At common law, the essential requirement for a nervous shock claim, is that the defendant owed a duty of care to the plaintiff who suffered the nervous shock. That allegation depends on a number of features including proximity and relationship. The injuries suffered by the victim are only important in showing that the nervous shock claim is likely to be genuine. As in Pugh's case it is not essential for anyone to have been injured.

Exemplary/Punitive Damages Claims

The 1972 and the 1982 Accident Compensation Acts contained an equivalent section to section 14 of the 1992 Act and barred proceedings for damages which arose directly or indirectly out of personal injury by accident. This statutory language was interpreted in some early cases as not only excluding proceedings for compensatory damages but also exemplary/ punitive damages. However although acknowledging that the literal wording of the Act could be read this way the Court of Appeal in a policy decision in Donselaar v Donselaar 40 decided otherwise. It held that exemplary /punitive damages did not arise out of the personal injury but from the conduct of the wrongdoer. They were not therefore barred by the Act. Thus from an early stage in the ACC scheme, such damages claims could be made whether a person's physical or mental injuries came under the Act or not.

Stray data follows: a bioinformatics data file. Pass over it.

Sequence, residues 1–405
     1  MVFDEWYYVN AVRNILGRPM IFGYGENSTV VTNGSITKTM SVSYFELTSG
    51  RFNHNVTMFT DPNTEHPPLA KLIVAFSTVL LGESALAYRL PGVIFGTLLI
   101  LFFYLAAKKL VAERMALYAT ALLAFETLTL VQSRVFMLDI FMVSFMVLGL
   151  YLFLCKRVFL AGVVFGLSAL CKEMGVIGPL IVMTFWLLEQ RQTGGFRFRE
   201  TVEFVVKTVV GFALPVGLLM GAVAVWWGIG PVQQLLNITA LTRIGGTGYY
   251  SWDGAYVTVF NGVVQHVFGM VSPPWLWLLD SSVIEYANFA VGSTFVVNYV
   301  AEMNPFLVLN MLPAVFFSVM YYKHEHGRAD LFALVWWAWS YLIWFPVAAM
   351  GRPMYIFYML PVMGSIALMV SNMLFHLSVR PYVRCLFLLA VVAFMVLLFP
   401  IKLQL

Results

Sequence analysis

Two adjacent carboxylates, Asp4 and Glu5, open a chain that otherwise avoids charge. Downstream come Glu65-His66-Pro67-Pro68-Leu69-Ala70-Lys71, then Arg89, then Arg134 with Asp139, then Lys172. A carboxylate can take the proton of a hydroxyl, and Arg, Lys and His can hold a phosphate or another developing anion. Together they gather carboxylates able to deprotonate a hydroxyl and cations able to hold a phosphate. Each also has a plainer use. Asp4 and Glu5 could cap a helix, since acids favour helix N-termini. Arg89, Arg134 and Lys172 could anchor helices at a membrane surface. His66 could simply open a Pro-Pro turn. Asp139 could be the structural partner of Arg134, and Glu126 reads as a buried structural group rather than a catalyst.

However until recently exemplary/punitive damages claims only arose in cases of intentional harm. But they were fairly limited because most defendants who caused harm intentionally were either in prison or impecunious - usually both. Then following overseas developments 41, counsel in New Zealand started to claim such damages in cases of negligence. The first New Zealand case to award exemplary damages for negligent conduct was McLaren Transport Ltd v Somerville 42. It was case where a garage employee over-inflated a tractor tyre so negligently that it exploded, causing injuring the plaintiff serious physical injuries which came under the definition of personal injury in the Act. He also had cover as the personal injury was caused by an accident. However he also sued for exemplary /punitive damages. The lower court awarded $15,000 exemplary damages for negligent conduct that was upheld in the High Court by Tipping J.
The test used by Tipping J was a simple one:

"Exemplary damages for negligence causing personal injury may be awarded if, but only if, the level of negligence is so high that it amounts to an outrageous and flagrant disregard for the plaintiff's safety, meriting condemnation and punishment."